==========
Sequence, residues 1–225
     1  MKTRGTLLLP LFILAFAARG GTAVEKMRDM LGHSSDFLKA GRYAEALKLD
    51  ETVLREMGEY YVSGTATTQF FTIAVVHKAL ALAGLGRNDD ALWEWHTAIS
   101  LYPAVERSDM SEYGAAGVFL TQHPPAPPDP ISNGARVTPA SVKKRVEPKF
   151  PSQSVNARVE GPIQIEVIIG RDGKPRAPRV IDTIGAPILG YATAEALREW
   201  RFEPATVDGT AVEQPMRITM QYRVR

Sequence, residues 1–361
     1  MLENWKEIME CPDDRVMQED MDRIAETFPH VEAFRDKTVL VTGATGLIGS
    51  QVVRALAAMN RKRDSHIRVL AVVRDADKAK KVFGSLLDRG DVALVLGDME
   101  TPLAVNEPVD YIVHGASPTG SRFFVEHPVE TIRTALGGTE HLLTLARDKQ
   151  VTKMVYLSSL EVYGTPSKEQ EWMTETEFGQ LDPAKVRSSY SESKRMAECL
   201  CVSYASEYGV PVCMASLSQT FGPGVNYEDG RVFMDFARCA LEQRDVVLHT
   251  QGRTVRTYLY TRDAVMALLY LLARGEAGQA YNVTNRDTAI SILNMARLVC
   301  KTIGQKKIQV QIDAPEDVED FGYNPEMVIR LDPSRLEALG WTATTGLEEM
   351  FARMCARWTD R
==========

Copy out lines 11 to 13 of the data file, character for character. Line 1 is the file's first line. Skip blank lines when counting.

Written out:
   151  VTKMVYLSSL EVYGTPSKEQ EWMTETEFGQ LDPAKVRSSY SESKRMAECL
   201  CVSYASEYGV PVCMASLSQT FGPGVNYEDG RVFMDFARCA LEQRDVVLHT
   251  QGRTVRTYLY TRDAVMALLY LLARGEAGQA YNVTNRDTAI SILNMARLVC